Perioral Dermatitis Clinical Presentation

Updated: Apr 27, 2017
  • Author: Hans J Kammler, MD, PhD; Chief Editor: William D James, MD  more...
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Subjective symptoms of perioral dermatitis (POD) may consist of a sensation of stinging and burning. Itching is rare.

Often, long-term use of topical steroids for minor or even undiagnosed skin alterations precedes the development of perioral dermatitis.

Perioral dermatitis tends to be chronic.


Physical Examination

Perioral dermatitis (POD) is limited to the skin.

Skin lesions occur as grouped follicular reddish papules, papulovesicles, and papulopustules on an erythematous base with a possible confluent aspect. The papules and pustules have primarily a perioral distribution. Other locations of involvement include the nasolabial fold and lateral portions of the lower eyelids. Vulvar involvement has been reported in young girls affected with perioral dermatitis.

In an extreme variant of the disease called granulomatous perioral dermatitis, granulomatous infiltrates have a yellowish aspect at diascopy. The lesions are confluent in a well-defined plaque delineated by the nasolabial folds and chin. [8]



An underlying cause of the perioral dermatitis (POD) cannot be detected in all patients. The etiology of perioral dermatitis is unknown; however, long-term use of topical steroids for minor skin alterations of the face often precedes the manifestation of the disease. Note the following:

  • Drugs: Many patients abuse topical steroid preparations. [2] No clear correlation exists between the risk of perioral dermatitis and strength of the steroid or the duration of the abuse. Perioral dermatitis has also been reported after the use of nasal steroids [3] and steroid inhalers.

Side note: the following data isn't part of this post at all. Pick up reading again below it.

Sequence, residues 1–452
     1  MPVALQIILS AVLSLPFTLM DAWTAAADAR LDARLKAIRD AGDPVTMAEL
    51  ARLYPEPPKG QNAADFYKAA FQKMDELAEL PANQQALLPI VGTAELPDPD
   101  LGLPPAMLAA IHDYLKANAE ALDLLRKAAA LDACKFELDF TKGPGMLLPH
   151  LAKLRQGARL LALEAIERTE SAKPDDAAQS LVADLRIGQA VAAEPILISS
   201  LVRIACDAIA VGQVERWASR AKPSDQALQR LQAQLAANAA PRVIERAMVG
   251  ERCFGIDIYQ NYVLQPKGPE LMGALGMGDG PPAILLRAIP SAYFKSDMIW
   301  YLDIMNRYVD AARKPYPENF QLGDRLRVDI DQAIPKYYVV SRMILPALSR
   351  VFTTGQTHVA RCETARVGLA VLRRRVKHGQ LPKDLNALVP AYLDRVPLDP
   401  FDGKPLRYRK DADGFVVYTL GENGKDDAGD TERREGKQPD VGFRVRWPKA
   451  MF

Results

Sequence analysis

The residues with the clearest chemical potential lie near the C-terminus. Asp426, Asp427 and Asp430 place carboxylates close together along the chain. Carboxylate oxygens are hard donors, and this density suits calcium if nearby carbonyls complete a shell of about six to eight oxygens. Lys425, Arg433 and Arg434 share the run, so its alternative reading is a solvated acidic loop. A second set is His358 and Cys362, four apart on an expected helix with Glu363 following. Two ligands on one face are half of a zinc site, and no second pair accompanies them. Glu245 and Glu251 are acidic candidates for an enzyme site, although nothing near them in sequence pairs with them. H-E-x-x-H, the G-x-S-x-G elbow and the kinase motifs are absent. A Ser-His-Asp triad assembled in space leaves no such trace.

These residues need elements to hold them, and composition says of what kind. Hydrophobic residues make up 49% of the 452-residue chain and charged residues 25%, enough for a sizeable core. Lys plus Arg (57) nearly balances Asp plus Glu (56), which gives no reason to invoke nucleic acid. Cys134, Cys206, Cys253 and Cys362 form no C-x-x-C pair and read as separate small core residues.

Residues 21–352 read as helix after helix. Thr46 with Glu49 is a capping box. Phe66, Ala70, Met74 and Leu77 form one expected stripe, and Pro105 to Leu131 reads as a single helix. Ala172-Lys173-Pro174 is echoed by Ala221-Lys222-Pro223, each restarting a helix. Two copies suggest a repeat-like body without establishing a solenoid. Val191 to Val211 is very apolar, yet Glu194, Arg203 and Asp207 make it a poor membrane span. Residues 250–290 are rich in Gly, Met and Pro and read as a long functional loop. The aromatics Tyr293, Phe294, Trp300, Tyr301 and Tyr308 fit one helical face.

• Cosmetics: Fluorinated toothpaste [4, 5] ; skin care ointments and creams, especially those with a petrolatum or paraffin base, and the vehicle isopropyl myristate are suggested to be causative factors. In an Australian study, applying foundation in addition to moisturizer and night cream resulted in a 13-fold increased risk for perioral dermatitis. The combination of moisturizer and foundation was associated with a lesser but significantly increased risk for perioral dermatitis, whereas moisturizer alone was not associated with an increased risk. Physical sunscreens have been identified as a cause of perioral dermatitis in children. [6]

  • Physical factors: UV light, heat, and wind worsen perioral dermatitis.

  • Microbiologic factors: Fusiform spirilla bacteria, Candida species, and other fungi have been cultured from lesions. Research from 2015 suggests to differentiate perioral dermatitis caused by rod-shaped bacteria (possible fusobacteria) and corticosteroid-induced rosacea. [7]

  • Miscellaneous factors: Hormonal factors are suspected because of an observed premenstrual deterioration. Oral contraceptives may be a factor.



Although perioral dermatitis (POD) is limited to the skin and not life threatening, emotional problems may occur because of the character of the facial lesions and the possibly prolonged course of the disease.

An initial rebound effect frequently occurs during the weaning of the steroid. This phenomenon is rare when no underlying cause can be evaluated.

A chronic course is not uncommon.

The development of a lupoid dermal infiltrate is considered to be a feature of the maximal variant of the disease. The diagnosis is made on the basis of the yellowish discoloration after diascopy. This entity is called lupuslike perioral dermatitis.

Scarring may be a problem with the lupoid form of perioral dermatitis.